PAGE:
41 – They Do NOT BELIEVE FALSE TEACHINGS & Anything That Is CONTRARY TO GOD’S WORD
42 – They CLEARLY Understand The Gospel & CLEARLY PREACH God’s Word With BOLDNESS
43 – They Let Their LIGHT SHINE—Their FACE & LIFE EXUDES CHRIST
44 – They Put NO CONFIDENCE IN THEIR FLESH – They Are Decreasing & Christ is Increasing
45 – They Have INTEGRITY, HARD WORK, & PURSUE RIGHTEOUSNESS— They do Not Lie, Steal, Cheat
46 – They Are Always VERY THANKFUL TO GOD For His— Kindness, Provisions, Protection, etc
47 – They Are NOT Full of: SELFISH AMBITION, STRIFE, QUARRELING, JEALOUSY— But Are PEACEMAKERS
48 – They Acknowledge & Obey GOD’S WILL For Their Lives
49 – They Are NOT PREJUDICE— They Show NO PARTIALITY TO THE: RICH, POOR, SKIN COLOR, RACE,etc
50 – They do NOT allow the CARES & WORRIES Of This Life to DOMINATE their MIND & CONVERSATIONS

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(revised 02/04/15)

To me, it’s becoming more and more obvious that one of the foundations of a biblically sound church is a biblically sound Bible version. And in a perfect world, I believe we would only have one authoritative Bible version in each language. In the English language, I believe this version should the King James Bible (and its source documents the Textus Receptus New Testament and Masoretic Old Testament).

There are many reasons I believe the King James Bible should be our go-to Bible version. For one, it has stood the test of time, having been used for over 400 years. Also, denominations and churches that switch from the King James Bible to another Bible per-version “that the youth like better and find easier to understand” almost invariably fall prey to various heresies. Today among evangelicals, the primary heresies seem to be Spiritual Formation (Contemplative Spirituality) and Postmodernism (Emerging/Emergent/Emergence teachings).

Note: I’m not speaking for King James only Free Will Baptists here – but I assume their position is very similar: my personal position on the King James Bible closely matches this article by Independent Fundamentalist Baptist David Cloud.

Background of the Free Will Baptist King James only debate

Concerning the dropping of the King James Bible (or the adding of other per-versions alongside it), this push among Free Will Baptists seems to be coming from “the power people” (denominational leaders and professors). But thank the Lord, many of the Free Will Baptist churches throughout the U.S. seem to be resisting this change, to the point of becoming more independent – officially or unofficially – from the national association.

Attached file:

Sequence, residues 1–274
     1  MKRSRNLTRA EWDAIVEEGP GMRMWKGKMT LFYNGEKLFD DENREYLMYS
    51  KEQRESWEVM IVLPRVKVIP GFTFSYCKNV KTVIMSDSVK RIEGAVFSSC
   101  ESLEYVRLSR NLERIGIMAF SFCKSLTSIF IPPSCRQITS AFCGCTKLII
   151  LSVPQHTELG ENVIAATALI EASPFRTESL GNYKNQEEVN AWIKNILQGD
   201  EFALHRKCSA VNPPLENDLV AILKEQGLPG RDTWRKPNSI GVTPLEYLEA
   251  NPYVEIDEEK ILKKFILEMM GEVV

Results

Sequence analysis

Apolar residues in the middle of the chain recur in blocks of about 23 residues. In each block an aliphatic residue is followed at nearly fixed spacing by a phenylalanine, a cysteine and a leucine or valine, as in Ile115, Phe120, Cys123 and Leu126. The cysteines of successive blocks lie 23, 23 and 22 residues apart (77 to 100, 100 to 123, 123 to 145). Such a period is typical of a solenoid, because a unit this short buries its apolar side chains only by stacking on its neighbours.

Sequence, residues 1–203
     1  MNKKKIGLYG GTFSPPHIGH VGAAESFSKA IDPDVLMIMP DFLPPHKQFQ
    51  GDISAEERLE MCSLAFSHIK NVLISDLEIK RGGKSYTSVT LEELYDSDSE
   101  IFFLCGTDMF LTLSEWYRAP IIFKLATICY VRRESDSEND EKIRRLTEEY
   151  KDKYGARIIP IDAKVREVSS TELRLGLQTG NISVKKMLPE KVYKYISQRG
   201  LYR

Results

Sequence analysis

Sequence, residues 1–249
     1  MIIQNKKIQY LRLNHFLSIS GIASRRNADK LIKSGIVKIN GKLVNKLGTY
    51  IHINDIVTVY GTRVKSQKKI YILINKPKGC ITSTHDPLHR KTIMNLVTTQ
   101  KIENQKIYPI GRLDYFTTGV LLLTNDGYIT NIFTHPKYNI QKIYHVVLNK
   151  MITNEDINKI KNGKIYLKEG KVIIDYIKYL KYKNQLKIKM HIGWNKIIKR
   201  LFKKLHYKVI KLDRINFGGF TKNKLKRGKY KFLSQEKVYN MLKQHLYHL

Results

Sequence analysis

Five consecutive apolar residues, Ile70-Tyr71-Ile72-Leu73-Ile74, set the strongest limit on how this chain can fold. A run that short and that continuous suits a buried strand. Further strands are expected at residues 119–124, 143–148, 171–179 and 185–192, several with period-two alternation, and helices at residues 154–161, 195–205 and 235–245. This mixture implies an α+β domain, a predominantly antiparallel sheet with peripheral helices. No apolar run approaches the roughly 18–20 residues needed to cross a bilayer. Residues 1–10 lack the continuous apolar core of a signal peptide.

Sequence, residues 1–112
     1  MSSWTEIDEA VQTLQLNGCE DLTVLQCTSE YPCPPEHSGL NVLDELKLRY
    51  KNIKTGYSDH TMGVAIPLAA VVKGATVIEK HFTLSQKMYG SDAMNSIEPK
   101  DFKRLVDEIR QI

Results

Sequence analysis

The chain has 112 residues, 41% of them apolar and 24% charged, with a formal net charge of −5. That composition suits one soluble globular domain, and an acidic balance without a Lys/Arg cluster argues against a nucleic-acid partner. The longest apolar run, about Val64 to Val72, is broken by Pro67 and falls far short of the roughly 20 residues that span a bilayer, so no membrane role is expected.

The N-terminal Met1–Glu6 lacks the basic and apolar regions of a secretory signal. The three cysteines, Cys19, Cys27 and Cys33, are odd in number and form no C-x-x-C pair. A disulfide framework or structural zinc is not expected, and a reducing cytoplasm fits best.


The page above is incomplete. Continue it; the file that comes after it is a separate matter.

I found background info here, showing that the Free Will Baptists have historically been King James only. (Warning – this comment is provided by one of today’s “progressive” FWB – I don’t recommend his blogs except for research.):

When we, as a denomination, discuss different bible translations, instead of agreeing to disagree, or valuing the diversity of scholarly opinion, we pass resolutions that require national speakers to only use the KJV; and not allow Randall House to reprint any translation but the KJV in their curriculum. [“Scholarly” is a biased term – it seems to me he is saying King James only people are not scholarly, while followers of other Bible per-versions are scholarly.]

A progressive FWB response to the above blog comment provides further insights:

It is true that national speakers have to use the KJV at the national. Although, that is the exception not the rule when it comes to how our broader, denomination wide FWB institutions have approached the KJV issue. Randall House now offers some NKJV and ESV curriculum. Chapel and conference speakers at FWBBC [renamed Welch College] can use differing translations, over the years I’ve heard the NIV, KJV, and every evangelical friendly translation in between used from the chapel pulpit. International missionaries are not required to use translations based on the textus receptus. And, I don’t think (but I could be wrong here) that Home Missions requires church planters to use the KJV. The theological commission has used time at the National for Dr. Pic to teach against the KJV only position. [I’ve provided links to two of Dr. Picirilli’s articles in the Endnotes below this blog.] So, if you look at the total picture, I think the national requirement for speakers is an anomaly – not the rule – when it comes to how our national boards and institutions have approached the bible translation issue. In fact, I think the KJV speaking rule at the national is a good gesture of peacemaking – while, we have moved toward the left in almost every other way on the national level. We certainly do not always denominationally lean right (FWB speaking) on this issue.

Now to a news flash over at Randall House Publications. I have reposted a press release below, which was published in early 2013; click here for the original source and scroll to page 49. I have emphasized certain points by bolding, and inserted comments in [brackets].